- The reason that we can easily discount ESP in most cases is because it is usually easily tested empirically.
- Requiring empirical testability is not “giving religion a pass”. It is holding true to the scientific process, which is designed specifically to ensure that our human biases and personal values do not affect our ability to distinguish what is true from what is not true. Religion’s most basic claims usually involve an omniscient and omnipotent being, making them largely untestable. This is not at all true of ESP, ghosts, or other traditional topics in skepticism. More on that below.
- A good skeptic would never state that there are no ghosts. A good skeptic would investigate specific claims of hauntings, searching for natural phenomenon which would explain the evidence. A good skeptic would not say there is no such thing as extrasensory perception. A good skeptic would say that we have no evidence to support precognition, telekinesis, etc.
- Skepticism is not about pointing out the weaknesses of arguments. It is about evaluating the evidence. These are not even close to being the same. When a self-proclaimed psychic moves the bar and says, “If it failed the test, then the forces that give me these powers do not want to be seen,” they make their claim untestable. Skeptics then have nothing to say in response. However, skeptics can provide natural explanations for phenomena (e.g., reveal that Peter Popoff was being fed information via an ear piece) which are much more parsimonious than supernatural explanations. This is also what we do with religious claims. If someone claims that God created man as he is today, we can point to the evidence which support the theory of evolution. If they claim that God created the universe, we can point to the evidence for the Big Bang. If they claim that God created the universe and man by making these natural processes possible, well then, we cannot refute that.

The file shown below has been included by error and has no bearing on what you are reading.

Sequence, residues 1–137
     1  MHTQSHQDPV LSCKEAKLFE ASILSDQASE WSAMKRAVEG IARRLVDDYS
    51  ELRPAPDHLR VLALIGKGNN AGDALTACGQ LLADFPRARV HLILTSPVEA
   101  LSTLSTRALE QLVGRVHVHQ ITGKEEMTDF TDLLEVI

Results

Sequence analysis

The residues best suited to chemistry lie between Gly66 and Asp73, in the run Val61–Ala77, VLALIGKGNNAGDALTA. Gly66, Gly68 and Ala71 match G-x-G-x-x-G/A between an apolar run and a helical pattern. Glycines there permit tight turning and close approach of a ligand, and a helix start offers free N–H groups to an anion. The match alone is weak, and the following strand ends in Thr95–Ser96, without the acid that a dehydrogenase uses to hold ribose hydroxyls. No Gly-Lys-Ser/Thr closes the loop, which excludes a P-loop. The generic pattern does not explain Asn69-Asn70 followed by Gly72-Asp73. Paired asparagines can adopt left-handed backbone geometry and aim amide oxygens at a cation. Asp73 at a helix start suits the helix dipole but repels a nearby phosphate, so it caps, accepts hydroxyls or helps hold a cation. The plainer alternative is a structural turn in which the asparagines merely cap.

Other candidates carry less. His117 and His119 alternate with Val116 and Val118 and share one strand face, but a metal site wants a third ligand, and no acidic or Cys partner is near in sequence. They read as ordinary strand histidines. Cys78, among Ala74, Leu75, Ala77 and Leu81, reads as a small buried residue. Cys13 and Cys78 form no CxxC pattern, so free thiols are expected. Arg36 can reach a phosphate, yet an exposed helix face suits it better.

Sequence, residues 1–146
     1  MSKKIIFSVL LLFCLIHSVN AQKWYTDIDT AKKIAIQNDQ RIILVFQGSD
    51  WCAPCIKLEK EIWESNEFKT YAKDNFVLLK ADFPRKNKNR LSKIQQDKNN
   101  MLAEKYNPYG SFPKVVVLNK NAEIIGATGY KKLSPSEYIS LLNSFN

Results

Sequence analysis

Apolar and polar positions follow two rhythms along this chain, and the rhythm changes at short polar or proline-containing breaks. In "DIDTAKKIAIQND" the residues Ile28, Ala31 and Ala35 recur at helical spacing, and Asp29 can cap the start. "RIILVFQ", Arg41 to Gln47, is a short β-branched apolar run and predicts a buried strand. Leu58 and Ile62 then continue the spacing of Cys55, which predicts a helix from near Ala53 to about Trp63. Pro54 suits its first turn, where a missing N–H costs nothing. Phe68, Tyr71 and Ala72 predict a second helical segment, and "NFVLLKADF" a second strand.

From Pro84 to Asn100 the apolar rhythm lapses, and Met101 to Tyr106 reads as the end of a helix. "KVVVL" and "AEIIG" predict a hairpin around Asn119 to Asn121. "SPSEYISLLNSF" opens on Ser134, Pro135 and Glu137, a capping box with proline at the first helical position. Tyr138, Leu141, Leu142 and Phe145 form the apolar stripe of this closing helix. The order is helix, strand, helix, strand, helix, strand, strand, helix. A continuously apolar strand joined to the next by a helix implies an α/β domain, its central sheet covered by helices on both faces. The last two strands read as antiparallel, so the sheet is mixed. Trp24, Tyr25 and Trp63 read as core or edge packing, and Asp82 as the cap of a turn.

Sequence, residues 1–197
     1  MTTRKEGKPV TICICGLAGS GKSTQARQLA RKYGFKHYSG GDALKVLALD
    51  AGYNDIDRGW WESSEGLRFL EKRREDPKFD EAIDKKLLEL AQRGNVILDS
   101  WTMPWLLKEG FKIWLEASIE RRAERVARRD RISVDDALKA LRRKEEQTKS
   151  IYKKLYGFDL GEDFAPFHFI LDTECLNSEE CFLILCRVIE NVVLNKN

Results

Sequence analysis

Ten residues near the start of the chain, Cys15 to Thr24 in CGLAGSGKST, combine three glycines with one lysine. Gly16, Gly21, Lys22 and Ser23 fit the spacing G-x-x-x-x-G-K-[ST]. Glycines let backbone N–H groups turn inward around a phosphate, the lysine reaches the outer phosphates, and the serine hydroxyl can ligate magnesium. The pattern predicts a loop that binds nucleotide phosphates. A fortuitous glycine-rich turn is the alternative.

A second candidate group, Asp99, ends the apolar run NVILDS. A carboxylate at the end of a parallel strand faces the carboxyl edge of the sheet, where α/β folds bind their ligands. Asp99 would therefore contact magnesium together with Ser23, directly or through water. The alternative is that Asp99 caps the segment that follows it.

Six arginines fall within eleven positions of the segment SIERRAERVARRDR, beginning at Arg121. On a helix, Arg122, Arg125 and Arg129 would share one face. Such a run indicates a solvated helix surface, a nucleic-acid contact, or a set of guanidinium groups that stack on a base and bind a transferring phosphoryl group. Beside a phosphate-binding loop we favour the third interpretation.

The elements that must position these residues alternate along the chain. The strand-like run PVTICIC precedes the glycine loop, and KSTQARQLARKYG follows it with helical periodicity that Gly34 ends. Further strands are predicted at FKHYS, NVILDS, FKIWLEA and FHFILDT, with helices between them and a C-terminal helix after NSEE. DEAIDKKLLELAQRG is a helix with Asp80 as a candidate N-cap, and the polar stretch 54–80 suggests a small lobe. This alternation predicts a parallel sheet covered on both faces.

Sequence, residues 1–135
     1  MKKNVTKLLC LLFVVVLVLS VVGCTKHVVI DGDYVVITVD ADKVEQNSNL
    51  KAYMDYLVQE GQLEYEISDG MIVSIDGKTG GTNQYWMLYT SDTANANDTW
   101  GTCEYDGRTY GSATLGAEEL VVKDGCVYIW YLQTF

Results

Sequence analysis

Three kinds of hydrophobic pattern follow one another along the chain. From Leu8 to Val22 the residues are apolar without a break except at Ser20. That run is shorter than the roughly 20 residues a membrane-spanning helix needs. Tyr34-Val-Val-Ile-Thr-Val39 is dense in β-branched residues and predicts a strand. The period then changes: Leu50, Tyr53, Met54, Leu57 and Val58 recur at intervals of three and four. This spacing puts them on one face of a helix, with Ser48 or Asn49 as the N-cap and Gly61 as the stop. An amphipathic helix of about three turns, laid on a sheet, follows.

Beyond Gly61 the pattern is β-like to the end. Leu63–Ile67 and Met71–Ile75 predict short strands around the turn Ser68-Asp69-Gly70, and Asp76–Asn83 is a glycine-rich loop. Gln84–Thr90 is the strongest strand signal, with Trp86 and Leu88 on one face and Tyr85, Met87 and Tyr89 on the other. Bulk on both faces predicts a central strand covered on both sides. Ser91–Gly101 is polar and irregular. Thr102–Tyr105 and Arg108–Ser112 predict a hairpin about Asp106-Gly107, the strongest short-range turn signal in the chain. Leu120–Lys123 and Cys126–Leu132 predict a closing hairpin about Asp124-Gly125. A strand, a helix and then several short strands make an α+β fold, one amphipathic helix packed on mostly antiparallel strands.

But Amanda would like to cast out Pamela Gay because Pamela believes in a personal God. Never mind the fact that she has never tried to sell that view to others, that she never claimed to support it with evidence, or that she is a very competent and knowledgeable Skeptic, scientist, science educator, and science communicator. Nevermind that Pamela Gay is a valued member of the Skeptical community who has done more to educate and excite young minds about science than all but a few others. [NOTE: minor edit for clarity, 08/07/11 9:50am]
Pamela Gay is not being irrational. Amanda Marcotte is.
Marcotte’s diet example is another case of irrelevant comparison. She states, sarcastically, that people are also touchy about their diet and so expressing skepticism about food trends is probably bad idea, too. This is clearly a straw man. We can demonstrate the effects of gluten empirically, so it is a poor comparison, too. Nobody is saying that people should not express skepticism about the existence of a God. What we are saying is that we cannot demonstrate empirically that God does not exist, therefore, if that is your conclusion, you cannot share that conclusion with others. The difference between personal knowledge and shared knowledge is not trivial.
Making others comfortable is not the issue, either, although making people uncomfortable out of arrogance and ignorance is certainly a part of the issue. I would like to point out that Amanda’s double-standard is pretty obvious in that paragraph. Apparently, the needs that matter are the needs of those she thinks deserve our attention and that’s it. But while we’re on the subject, it doesn’t matter if you are promoting skepticism, atheism, or your favorite restaurant. Being an asshole is being an asshole. The reason that DBAD matters to the rest of us is that when a dick represents Skepticism, they make our jobs more difficult.